Howard Jones on “Cumberland Island: the Story of Patriots, Strong Women, and Incredible Wealth”
Cumberland Island is located along the Georgia coast, just North of Jacksonville, Florida. The story begins with Revolutionary War hero Nathanael Green and his plans to harvest Live Oak trees on the island for shipbuilders. His widow, Caty Greene Miller would eventually operate a large plantation on the island for many years. Included in the presentation are bits of history about the Revolutionary War, The War of 1812 and the Civil War. The topic also touches on the lives of Eli Whitney, Light Horse Harry Lee, and his son Robert E. Lee.
After many years the island would be purchased by Thomas Carnegie, the brother of Andrew Carnegie. Thomas Carnegie’s wife, Lucy, would be the central figure during this period. She would live like royalty in the immense Dungeness mansion they had built on the island. But eventually, the money ran out and her heirs fought over the future of the island. Ultimately, her heirs signed an agreement with the National Parks Service that would allow them to sell their property and still live on the island for the rest of their lives.
Howard Jones is a long-time member of the Round Table as well as the immediate past Commander General of the Military Order of the Stars and Bars.
Howard Jones on “George Washington and the Battle of Yorktown”
Yorktown was the decisive battle of the war and it ultimately resulted in our independence.
The Revolutionary War was entering its fourth year. Somehow, General George Washington had managed to keep the Continental Army intact against superior British forces. Then in 1778, the Americans won a stunning victory at Saratoga. This victory was the War’s turning point.
The French had waited for such a victory before they would support the American cause. In 1780, some 6,000 French troops were landed at Newport, Rhode Island under the command of General Rochambeau. These forces would later unite with the Continental Army in New York. Washington had always believed that the War’s deciding battle would be fought in New York.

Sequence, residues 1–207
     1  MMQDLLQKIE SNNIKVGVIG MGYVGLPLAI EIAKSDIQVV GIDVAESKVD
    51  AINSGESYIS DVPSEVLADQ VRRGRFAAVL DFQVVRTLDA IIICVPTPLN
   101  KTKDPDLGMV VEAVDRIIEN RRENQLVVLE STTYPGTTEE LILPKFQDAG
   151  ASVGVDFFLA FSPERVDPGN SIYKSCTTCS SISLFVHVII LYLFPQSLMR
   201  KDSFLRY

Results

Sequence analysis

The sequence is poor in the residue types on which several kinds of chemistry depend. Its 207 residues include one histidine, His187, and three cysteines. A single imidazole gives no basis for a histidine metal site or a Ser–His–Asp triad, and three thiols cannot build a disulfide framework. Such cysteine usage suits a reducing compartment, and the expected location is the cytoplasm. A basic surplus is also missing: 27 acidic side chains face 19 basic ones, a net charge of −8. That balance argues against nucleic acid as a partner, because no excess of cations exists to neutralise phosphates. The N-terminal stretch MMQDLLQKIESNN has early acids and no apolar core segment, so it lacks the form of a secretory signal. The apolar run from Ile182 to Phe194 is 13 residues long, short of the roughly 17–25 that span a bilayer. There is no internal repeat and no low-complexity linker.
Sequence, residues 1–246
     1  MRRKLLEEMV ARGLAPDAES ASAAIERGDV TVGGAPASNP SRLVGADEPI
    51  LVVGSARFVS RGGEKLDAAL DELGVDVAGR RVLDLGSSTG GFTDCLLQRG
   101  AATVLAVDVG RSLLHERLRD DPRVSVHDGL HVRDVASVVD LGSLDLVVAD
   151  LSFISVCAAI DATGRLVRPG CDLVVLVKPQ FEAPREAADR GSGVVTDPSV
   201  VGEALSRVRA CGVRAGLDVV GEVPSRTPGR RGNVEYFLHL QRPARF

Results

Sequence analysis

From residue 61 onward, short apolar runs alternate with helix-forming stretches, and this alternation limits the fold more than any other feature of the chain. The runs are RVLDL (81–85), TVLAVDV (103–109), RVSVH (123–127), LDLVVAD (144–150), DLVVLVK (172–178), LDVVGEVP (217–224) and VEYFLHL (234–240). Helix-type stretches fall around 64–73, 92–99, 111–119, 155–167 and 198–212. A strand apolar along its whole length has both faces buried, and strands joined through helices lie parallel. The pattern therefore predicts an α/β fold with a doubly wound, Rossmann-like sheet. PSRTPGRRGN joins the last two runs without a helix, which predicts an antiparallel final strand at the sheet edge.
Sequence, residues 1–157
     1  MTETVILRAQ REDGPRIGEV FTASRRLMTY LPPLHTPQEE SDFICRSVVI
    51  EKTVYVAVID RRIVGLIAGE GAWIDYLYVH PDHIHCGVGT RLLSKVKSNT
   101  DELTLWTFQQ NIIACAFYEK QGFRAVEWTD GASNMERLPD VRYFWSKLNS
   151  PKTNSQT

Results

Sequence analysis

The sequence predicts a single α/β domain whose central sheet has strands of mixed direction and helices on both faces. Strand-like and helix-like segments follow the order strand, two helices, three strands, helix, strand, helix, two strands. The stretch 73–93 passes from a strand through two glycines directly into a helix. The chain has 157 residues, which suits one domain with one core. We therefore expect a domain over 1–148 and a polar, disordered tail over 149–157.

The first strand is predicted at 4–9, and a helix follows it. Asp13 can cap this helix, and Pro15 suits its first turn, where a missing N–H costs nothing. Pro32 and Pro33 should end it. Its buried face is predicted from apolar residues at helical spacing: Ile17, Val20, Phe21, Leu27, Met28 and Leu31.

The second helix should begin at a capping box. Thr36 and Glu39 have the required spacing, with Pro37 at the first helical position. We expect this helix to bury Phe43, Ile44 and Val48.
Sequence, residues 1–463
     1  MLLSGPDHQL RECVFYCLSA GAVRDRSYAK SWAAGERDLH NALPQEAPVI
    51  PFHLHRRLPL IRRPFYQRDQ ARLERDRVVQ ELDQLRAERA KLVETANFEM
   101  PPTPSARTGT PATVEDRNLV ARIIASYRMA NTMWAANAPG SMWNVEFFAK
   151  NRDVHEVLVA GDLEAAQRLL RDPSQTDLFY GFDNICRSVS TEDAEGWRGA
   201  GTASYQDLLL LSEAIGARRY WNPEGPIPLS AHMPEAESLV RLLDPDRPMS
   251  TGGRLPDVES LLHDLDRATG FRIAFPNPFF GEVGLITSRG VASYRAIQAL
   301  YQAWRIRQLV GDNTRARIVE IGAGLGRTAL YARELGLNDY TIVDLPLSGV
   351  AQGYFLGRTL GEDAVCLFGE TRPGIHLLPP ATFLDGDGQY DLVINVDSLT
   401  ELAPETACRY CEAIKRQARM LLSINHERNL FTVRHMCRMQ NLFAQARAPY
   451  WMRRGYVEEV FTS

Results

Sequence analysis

As the joint forces prepared to attack they received a message from the Marquis de Lafayette who commanded a small detachment of troops near Williamsburg, Virginia. General Lafayette told them that the army of General Charles Lord Cornwallis had gone into winter quarters in Yorktown. Lafayette believed that Cornwallis could be attacked and beaten at Yorktown. A victory at Yorktown might just end the war.
In 1781, Washington decided to attack! The presentation will detail the story of Washington’s 400 mile march from New York to Yorktown. It will describe the 20 day siege that ended with Cornwallis’ surrender. And finally, it will tell the story of the 1783 Treaty of Paris that guaranteed America’s freedom and independence.
Howard Jones is the immediate past Commander General of the Military Order of the Stars and Bars. Several years ago he was asked make a presentation to a fifth grade class about the Revolutionary War. He dressed as a Continental Soldier for the presentation and the kids loved it. Since that time he has given the same presentation dozens of times to both elementary school children and adult heritage groups.
Walter Day hosts “Spotsylvania Courthouse: The Clash of Grant and Lee at the Crossroads”
Walter hosted the Wide Awake Films documentary. For nearly two weeks in 1864, the titans of the Civil War—Robert E. Lee and Ulysses S. Grant—clashed violently, for the first time, at the crossroads of Spotsylvania Courthouse, Virginia. Recorded during the 140th anniversary reenactment of Spotsylvania, this film highlights thousands of reenactors in a variety of media formats, from the ultra high resolution of high-definition video to the authenticity of archival looking film. Utilizing Wide Awake Films signature Civil War Combat Cameraman footage, Spotsylvania Courthouse is the first documentary of its kind. Winner of 2006 Telly Award.
Arthur Henrick on “Stories from the Battlefield: The Henry Rifle or the 16-shooter during the Great Rebellion”
Arthur’s talk concerned and displayed a modern reproduction Henry. He included quotes from actual accounts from enlisted men and officers on how they used and appreciated the expensive and treasured 16-shooters that Rebels called “that damn Yankee Rifle, loaded on Sunday and fired all week” and the resistance to its deployment in the Union Army.
Arthur also brought dummy modern rounds and an actual Henry round, and displayed the rapid cycling of a Henry. He also brought a fancy engraved 1866 Henry (also known Winchester Yellow Boy) that was introduced in 1867.
Arthur W. Henrick, a frequent presenter at the Peninsula Civil War Round Table, is a Civil War, Roman, and World War II reenactor.
Meg Groeling on “Lincoln on the Third Ballot!: The 1860 Republican Convention”
Meg Groeling just laughs at the antics of current politicians, knowing they pale when compared with folks from the past. One of the most famous “brokered” conventions was the one held in the Wigwam, in Chicago, in 1860. Champagne, oysters, promises made and hearts broken–all while Elmer Ellsworth’s Chicago Zouaves performed on the stage, keeping the doors open and giving David Davis and Ward Hill Lamon time to wheel and deal. We at least got Abraham Lincoln out of it! Who knows what will happen this time? Plus she is bringing Lincoln/Hamlin campaign ribbons! Maybe Harry’s Hofbrau will supply the champagne . . .
Jack Mather on “James Glasgow Farragut”
Admiral David Farragut